When this was said, a Bodhisattva, Mahasattva, named Samadhi Self-Existent King arose from the midst of the assembly and said to the Buddha, “World-Honored One, what vows has Earth Store Bodhisattva made during these many kalpas that he now receives the World-Honored One’s special praise? Please, World-Honored One, speak about this.”

The World-Honored One said to Samadhi Self-Existent King, “Listen attentively, consider this well. I shall now explain this matter for you.”


A Mahasattva is a great being. Because he cultivated samadhi and attained a self-contained existence, this Bodhisattva is called Samadhi Self-Existent King.


“Once, limitless asamkhyeyas of nayutas of kalpas ago, there was a Buddha named All-Knowledge-Accomplished Thus Come One, the One Worthy of Offerings, the One of Right and Equal Enlightenment, the One Perfect in Clarity and Conduct, the Well-Gone-Forth One, the Unsurpassed Scholar Who Comprehends the World, the Valiant Tamer and Guide, the Master of Gods and Men, the Buddha, the World-Honored One. That Buddha’s lifespan was sixty thousand kalpas. Before leaving home he had been the king of a small country and had been friendly with the king of a neighboring country with whom he practiced the Ten Good Deeds and benefited living beings. Because the citizens of these countries did many evil acts, the kings agreed to perfect expedient devices for them. One vowed, ‘I will accomplish the Buddha Way quickly and then cross over all the others without exception.”

“The other king vowed, ‘If I do not first cross over all those who suffer for their offenses, and cause them to attain peace and Bodhi, I shall not accomplish Buddhahood.’”

The Buddha told the Bodhisattva Samadhi Self-Existent King, “The King who vowed to become a Buddha quickly is All-Knowing-Accomplished Thus Come One. The king who vowed not to become a Buddha until he had seen all others safely across is Earth Store Bodhisattva.”


Asamkhyeya and nayuta are the names of very large numbers that describe the time when All-Knowledge-Accomplished Thus Come One appeared in the world. There are Three Kinds of Knowledge:

1. All Knowledge
2. Knowledge of the Way
3. Knowledge of All Modes

The third of these encompasses the other two.

The sutra text describes this Buddha by means of the Ten Designations of the Buddha. The first is Thus Come One. A layman once asked me if Amitabha Buddha and Thus Come One Buddha were different. You should know that all Buddhas are called Thus Come One. There is Amitabha Thus Come One, Sakyamuni Thus come One, Medicine Master Thus Come One, and so forth. This use of names is similar to that found among people. Everyone has his own personal name, which may be used by his peers or by those above him who know him well, but most people also have a title by which they are known to people with whom they are only distantly acquainted. Each of the Ten Designations of the Buddha has its own descriptive title. The designation Thus Come One, for example, has the title “Identity with the Former Virtuous Ones.”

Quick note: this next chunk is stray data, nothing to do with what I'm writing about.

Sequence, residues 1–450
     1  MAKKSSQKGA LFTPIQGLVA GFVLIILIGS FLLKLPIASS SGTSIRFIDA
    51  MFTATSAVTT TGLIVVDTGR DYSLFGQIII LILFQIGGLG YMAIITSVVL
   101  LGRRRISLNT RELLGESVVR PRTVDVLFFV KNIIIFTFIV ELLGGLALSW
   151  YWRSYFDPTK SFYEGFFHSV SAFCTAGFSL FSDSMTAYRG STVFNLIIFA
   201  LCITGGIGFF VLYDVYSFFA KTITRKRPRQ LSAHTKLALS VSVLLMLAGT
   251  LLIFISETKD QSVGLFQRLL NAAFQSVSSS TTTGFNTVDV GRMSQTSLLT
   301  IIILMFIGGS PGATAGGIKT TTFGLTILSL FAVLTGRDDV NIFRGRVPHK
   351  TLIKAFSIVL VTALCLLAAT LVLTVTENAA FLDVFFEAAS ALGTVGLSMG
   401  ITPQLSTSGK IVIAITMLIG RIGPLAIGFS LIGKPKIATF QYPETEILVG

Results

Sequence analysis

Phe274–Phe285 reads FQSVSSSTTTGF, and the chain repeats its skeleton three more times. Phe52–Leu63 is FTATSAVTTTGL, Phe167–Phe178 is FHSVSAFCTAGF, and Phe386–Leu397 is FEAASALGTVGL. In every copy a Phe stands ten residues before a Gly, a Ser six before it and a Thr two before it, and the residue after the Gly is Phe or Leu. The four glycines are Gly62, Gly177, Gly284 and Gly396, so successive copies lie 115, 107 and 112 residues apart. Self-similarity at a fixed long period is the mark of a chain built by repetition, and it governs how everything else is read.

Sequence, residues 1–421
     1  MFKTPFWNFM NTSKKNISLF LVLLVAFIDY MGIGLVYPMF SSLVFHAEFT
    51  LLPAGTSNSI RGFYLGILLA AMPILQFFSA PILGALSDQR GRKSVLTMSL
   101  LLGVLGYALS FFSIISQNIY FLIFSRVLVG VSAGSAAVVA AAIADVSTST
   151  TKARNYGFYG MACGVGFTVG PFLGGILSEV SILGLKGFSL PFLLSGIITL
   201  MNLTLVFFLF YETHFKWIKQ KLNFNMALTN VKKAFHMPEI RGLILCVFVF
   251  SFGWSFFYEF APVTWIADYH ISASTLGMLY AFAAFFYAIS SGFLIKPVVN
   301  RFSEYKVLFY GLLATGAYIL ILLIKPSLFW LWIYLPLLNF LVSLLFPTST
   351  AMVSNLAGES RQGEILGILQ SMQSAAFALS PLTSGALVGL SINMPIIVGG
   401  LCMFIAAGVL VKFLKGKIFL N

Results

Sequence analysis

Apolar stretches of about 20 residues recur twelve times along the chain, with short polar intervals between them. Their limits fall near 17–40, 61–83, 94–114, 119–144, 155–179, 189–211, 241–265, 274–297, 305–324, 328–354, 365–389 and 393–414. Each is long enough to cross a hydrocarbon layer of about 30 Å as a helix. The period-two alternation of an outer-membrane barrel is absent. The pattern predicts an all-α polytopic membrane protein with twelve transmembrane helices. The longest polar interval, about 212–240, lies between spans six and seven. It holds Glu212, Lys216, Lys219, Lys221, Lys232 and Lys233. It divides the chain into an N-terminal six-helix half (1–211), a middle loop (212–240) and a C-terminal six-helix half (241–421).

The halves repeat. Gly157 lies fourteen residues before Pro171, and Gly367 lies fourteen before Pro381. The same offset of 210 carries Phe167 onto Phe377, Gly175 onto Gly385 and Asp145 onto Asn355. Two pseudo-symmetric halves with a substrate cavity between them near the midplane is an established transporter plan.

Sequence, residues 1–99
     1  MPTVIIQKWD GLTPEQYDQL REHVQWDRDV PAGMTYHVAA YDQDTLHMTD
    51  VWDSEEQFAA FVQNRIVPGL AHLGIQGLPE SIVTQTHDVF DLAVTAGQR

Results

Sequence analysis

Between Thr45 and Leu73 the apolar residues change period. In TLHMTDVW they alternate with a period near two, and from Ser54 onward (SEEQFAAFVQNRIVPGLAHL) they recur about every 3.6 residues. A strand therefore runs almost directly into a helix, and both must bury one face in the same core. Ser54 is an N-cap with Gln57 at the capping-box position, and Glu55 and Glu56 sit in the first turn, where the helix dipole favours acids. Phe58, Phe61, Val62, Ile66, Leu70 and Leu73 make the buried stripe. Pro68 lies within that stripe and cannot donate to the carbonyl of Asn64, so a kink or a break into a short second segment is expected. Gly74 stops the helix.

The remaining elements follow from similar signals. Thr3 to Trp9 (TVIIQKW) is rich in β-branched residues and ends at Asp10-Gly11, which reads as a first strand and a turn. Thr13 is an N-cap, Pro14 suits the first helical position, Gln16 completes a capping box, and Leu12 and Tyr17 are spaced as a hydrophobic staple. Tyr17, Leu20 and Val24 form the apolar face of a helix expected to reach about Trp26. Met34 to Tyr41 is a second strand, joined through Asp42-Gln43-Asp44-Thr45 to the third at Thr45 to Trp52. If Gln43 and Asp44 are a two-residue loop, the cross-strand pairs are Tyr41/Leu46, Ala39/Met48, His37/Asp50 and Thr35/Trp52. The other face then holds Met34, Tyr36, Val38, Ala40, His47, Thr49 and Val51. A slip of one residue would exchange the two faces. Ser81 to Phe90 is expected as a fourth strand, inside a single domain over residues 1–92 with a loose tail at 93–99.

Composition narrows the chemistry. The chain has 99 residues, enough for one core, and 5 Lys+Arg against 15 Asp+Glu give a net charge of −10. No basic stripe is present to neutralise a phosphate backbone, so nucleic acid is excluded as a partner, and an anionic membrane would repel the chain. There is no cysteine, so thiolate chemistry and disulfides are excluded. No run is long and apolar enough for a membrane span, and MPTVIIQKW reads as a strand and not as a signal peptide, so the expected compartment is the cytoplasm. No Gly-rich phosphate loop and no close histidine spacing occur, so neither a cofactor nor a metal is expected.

Tuesday, July 8, 2008

Sutra of the Past Vows of Earth Store Bodhisattva (Chapter 3)

Contemplating the Karmic Conditions of Living Beings


At that time the Buddha’s mother, the Lady Maya, placed her palms together respectfully and said to Earth Store Bodhisattva, “Holy One, the deeds done by the living beings of Jambudvipa differ. What are their respective retributions?”

Earth Store replied, “In a thousand ten thousands of worlds and lands, whether with or without hells, with or without women, the Buddhadharma, Sound-Hearers, Pratyekabuddhas, and others, the retributions of the hells differ.”


The term “living beings” is composed of two words in Chinese, literally, many/born. Living beings are said to grasp at the many aggregates (form, reception, thought, activity, and consciousness) and thereby attain bodies. They are born into various states as a result of manifold causes and conditions, which are collectively called karma. Karma is a Sanskrit term that refers to that which is made by the activity of speech, body, or mind. What is the difference between “cause” and “karma”? Cause refers to a single incident; karma is a long accumulation of causes. There are many causes and conditions that constitute karma, and each being has his own. Therefore the states encountered by living beings differ. Some encounter great joy because they planted good seeds long ago, while others must endure a great deal of hardship, always living in difficult situations, because they have only sown bad causes. In general, if you plant good seeds, you reap good fruit; if you plant bad seeds, you reap bad fruit.